Tuesday, December 4, 2012



(For the full story read The Gainesville Years, 1 through 14)

I came to Bangladesh alone a week ahead of the film crew to do my research and begin writing the shooting script. Now it was time for me to leave—alone. The crew still needed to pick up some shots to complete the story, but I had to get back to the university. The fall term was just a couple weeks away and I needed time to prepare for the two news writing labs I would be teaching.

I had a choice of routes: through Hong Kong or through New Delhi. There were unbelievably good shopping bargains to be had in Hong Kong, I was told, but no matter how good the bargains, I didn’t have the discretionary funds to take advantage of them. However that wasn’t the only reason I chose to return to the States by way of New Delhi.

When I was a young, romantically inclined teenager I came across an issue of the National Geographic Magazine that extolled the wonders of a magnificent building, one of the Seven Wonders of the World. It was not just the beauty of the structure that struck me, but the story behind it. That building was the Taj Mahal, and the story was about an Indian prince who was so aggrieved by the death of his favorite wife that he built this remarkable, unbelievably beautiful structure as a tribute to her and a testament to his love.

As a teenager I was moved by this tale; as an adult it still held sway over me...but I never dreamed I would one day get the chance to see the exquisite architectural work of art it inspired.   I may never have an opportunity like this again, I told myself.  Putting my financial insecurity temporarily on hold, I decided to layover in New Delhi for a couple days on my way home, and take a side trip to Agra to see this sacred tribute to undying love.

Not widely traveled at this stage of my life, I asked our travel agent to avoid hotels usually frequented by Americans and book me into a place that would give me a real sense of the country. I wanted to “experience” India.  In theory this sounded like a good idea. It never occurred to me that I would be isolating myself; that I would be eliminating any chance for the kind of  camaraderie that often blossoms among tourists from similar cultures traveling abroad--a particularly desirable option for someone traveling alone.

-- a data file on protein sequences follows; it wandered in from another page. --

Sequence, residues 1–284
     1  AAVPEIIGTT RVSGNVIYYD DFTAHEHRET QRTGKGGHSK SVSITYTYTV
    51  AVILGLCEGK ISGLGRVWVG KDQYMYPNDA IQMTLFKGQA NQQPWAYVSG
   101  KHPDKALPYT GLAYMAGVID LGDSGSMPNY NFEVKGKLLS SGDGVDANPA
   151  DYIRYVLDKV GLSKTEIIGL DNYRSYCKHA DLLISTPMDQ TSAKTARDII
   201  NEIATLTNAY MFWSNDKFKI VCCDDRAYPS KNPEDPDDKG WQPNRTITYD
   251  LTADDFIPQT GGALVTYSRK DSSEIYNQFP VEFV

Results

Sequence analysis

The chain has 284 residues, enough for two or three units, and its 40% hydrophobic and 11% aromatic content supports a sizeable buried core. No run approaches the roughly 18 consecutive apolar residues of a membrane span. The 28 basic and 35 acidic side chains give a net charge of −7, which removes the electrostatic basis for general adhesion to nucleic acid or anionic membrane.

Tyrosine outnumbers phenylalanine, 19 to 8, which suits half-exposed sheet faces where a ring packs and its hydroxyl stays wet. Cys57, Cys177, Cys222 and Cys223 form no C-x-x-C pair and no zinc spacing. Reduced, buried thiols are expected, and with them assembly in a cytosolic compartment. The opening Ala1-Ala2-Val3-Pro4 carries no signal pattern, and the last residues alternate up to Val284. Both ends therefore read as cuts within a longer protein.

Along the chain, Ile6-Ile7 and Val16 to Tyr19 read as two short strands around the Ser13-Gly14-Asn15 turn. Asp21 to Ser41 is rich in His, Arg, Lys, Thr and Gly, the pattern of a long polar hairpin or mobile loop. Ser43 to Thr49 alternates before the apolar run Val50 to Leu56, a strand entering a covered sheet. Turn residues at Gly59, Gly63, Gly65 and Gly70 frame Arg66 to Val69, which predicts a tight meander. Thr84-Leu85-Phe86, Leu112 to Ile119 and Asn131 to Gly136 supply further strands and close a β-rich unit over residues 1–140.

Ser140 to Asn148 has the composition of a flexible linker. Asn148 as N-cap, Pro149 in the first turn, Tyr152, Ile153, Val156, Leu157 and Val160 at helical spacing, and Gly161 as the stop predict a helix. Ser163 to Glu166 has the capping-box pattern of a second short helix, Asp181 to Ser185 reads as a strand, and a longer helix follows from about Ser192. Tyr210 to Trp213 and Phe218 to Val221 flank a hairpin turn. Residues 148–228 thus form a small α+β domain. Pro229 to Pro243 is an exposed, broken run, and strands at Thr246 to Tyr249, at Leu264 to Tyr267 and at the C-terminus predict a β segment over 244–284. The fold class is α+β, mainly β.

My New Delhi accommodations

In compliance with my request, I was booked into a hotel that catered to Indian salesmen and travelers.  Except for a handful of frugal-minded German tourists and, of course, me, all the guests appeared to be Indian, and all, including the Germans, seemed absorbed in their own itineraries.  If they acknowledged me at all, it was with the clear caveat that I was not to mistake their nod as an invitation for conversation.  While the social aspect of my stay left something to be desired, the accommodations were adequate for my brief visit.

There was one challenge my decision to make this short trip alone created that I had not expected. It is probably no longer true, but 35  years ago there was a prevailing concept in India that all Americans were rich.  A rich American woman traveling alone, which was, of course, how I was perceived, was a magnet for sidewalk venders eager to sell her their little piece of India to take  home. When I attempted to do a little sightseeing on foot they descended on me, all smiles, beseeching me to inspect their wares.  I rejected their offer as graciously as I could, and sometimes this worked.  But sometimes the men would turn hostel, nasty. They seemed to take my rejection personally. So I stopped walking out on my own.

And then there was my cab ride from the airport.  The cab driver was friendly enough—too friendly. Once he realized I was traveling alone, he turned on the charm. At first it seemed like just an over-earnest sales pitch. He wanted me to hire him for the duration my stay. He would be happy to show me around. Something about his effusive manner made me uncomfortable. I thanked him, but declined. That is when he really turned on the charm.